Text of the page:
Göttingen is famous for its old university (Georg-August-Universität), which was founded in 1734 by George II, who was king of Great Britain and Ireland and Prince-elector of Hanover.  It would become one of the most visited universities in Europe.  Its alumni include some well-known historical figures: the Brothers Grimm, Max Planck, and the German Chancellors Otto von Bismarck and Gerhard Schröder.  Some of the most famous mathematicians in history, Carl Friedrich Gauss, Bernhard Riemann and David Hilbert, were Professors here.  Like other university towns, Göttingen developed its own quaint traditions.  On the day they are awarded their doctoral degrees, PhD students are drawn in handcarts from the Great Hall at the university to the Gänseliesel-Fountain in front of the Old Town Hall.  There they have to climb the fountain and kiss the statue of the Gänseliesel (the goose girl).  This practice is actually forbidden, but the law is not enforced.  The statue is considered the most kissed girl in the world.  During the 1930s, Göttingen housed the top math-physics faculty in the world, led by eight men, almost all Jews, who became known as the “Göttingen eight”.  Their members included Leó Szilárd and Edward Teller.  The faculty was despised by the Third Reich, and as a result the University of Göttingen suffered greatly at their hands.  The Göttingen eight were expelled, and these men were forced to emigrate to the West in 1938.  Szilárd and Teller went on to become key members of the Manhattan Project team (the project that built the atom bombs used on Japan).  Ironically, the Nazi insistence on a “German physics” prevented German scientists from applying Albert Einstein’s breakthrough insights into physics, a policy which stifled the further development of physics in Germany and the German’s A-bomb efforts.  Göttingen was mostly untouched by Allied bombing in World War II due to the fact it was a hospital city for war wounded and was not of industrial or transport significance.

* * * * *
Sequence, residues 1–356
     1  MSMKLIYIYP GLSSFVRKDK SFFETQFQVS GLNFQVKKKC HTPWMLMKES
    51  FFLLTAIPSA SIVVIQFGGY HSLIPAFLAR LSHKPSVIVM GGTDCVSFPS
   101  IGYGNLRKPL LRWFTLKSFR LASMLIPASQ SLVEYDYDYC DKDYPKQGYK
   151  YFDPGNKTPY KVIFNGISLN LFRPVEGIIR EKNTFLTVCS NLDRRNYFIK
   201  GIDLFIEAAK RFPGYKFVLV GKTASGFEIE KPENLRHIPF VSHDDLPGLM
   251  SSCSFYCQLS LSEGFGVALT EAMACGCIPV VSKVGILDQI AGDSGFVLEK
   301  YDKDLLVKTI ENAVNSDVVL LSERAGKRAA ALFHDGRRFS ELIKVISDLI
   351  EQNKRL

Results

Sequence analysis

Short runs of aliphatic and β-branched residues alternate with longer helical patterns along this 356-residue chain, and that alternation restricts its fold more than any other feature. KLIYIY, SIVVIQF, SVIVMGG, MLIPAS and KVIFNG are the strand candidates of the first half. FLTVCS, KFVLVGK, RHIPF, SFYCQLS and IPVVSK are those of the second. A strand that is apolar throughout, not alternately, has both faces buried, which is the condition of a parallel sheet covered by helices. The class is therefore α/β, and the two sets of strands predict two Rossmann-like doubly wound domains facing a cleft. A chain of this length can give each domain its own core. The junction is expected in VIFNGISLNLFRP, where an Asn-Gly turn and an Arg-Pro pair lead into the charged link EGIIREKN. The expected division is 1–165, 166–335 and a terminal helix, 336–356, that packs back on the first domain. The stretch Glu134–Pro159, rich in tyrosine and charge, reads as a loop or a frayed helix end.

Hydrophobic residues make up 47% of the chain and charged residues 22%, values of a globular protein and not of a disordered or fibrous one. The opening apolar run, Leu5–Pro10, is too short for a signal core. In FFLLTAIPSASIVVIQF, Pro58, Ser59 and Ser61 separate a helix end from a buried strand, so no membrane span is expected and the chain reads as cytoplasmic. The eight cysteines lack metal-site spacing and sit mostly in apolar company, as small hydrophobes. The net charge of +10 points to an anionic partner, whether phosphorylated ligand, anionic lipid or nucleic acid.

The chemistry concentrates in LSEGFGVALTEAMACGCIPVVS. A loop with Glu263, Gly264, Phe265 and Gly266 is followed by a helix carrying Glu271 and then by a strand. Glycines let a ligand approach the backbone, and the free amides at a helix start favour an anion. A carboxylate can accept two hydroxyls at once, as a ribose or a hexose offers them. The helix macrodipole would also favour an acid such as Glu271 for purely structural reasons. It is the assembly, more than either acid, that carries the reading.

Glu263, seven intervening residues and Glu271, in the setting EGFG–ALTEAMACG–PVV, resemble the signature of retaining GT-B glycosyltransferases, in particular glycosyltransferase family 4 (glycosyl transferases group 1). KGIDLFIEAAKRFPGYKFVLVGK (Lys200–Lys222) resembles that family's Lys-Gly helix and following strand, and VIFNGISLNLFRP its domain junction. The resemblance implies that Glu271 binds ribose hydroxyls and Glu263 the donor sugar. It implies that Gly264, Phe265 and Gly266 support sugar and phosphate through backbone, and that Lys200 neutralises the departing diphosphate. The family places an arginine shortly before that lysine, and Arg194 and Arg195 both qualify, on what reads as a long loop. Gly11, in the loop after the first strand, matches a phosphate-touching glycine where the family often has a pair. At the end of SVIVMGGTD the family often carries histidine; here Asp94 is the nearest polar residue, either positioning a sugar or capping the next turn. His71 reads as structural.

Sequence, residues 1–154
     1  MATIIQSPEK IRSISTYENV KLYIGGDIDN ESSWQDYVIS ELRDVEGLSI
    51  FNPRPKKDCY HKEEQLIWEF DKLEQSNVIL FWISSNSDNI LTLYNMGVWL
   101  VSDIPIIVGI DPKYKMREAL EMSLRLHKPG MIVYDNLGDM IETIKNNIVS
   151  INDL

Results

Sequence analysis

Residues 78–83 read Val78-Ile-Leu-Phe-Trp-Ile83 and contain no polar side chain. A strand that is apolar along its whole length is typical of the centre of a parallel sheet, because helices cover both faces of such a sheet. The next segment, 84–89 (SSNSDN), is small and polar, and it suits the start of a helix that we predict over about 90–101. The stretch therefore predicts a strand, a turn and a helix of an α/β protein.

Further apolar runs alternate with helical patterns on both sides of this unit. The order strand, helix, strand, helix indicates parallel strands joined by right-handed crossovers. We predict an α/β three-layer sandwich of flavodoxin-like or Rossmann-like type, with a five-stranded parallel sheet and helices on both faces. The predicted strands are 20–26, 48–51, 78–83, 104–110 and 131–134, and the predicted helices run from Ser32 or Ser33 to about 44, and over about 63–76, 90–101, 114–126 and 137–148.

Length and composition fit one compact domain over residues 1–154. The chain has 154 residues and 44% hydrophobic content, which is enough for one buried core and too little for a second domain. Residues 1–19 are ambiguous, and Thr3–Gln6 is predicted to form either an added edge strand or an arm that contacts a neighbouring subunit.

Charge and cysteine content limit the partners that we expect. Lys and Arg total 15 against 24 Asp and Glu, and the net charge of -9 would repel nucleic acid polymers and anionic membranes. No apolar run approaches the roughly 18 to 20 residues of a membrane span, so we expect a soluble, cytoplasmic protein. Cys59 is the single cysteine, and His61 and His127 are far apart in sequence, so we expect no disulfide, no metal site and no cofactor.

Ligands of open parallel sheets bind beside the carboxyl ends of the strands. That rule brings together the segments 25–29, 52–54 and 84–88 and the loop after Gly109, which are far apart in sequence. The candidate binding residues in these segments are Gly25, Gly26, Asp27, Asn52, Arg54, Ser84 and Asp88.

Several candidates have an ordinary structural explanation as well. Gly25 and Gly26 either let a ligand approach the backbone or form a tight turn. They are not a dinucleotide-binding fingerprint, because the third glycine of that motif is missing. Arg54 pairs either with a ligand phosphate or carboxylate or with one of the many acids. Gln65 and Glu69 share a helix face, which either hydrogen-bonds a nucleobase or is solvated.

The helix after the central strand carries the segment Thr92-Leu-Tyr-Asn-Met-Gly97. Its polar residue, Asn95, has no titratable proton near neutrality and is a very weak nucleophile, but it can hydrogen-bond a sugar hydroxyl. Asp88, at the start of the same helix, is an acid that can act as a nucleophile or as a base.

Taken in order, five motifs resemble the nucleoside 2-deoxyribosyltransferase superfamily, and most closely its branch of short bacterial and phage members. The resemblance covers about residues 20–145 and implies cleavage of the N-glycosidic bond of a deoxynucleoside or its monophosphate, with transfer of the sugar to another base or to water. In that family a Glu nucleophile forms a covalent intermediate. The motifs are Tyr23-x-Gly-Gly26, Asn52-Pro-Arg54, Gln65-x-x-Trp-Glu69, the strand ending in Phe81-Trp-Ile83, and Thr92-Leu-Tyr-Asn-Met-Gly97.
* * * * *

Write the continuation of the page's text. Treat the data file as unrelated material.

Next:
Having made it into the city centre, it was a chance to take a walk around and assess how I was feeling and plan how the day would develop.  Meandering the streets gave me a chance to take in the beautiful 15th & 16th century cross timber houses which lined almost every street.  All were original having being spared the bombing of WWII.  My wanderings eventually lead me to the town square and the famed Gänseliesel-Fountain (Goose-Girl) but I didn’t bother to climb up and kiss her as I took my PhD 28 years ago so probably a bit late.  From the town square I headed over to the Wilhelmplatz and the Great Assembly Hall of Göttingen University.  Time for a decision – go or stay?  I was definitely feeling better but I suspect that was the paracetamol talking.  Decision made, I’ll go.  After a quick stop at the supermarket to stock up on fluids, I navigated the car out of town and 2 hours north towards Hanover and the next assessment point.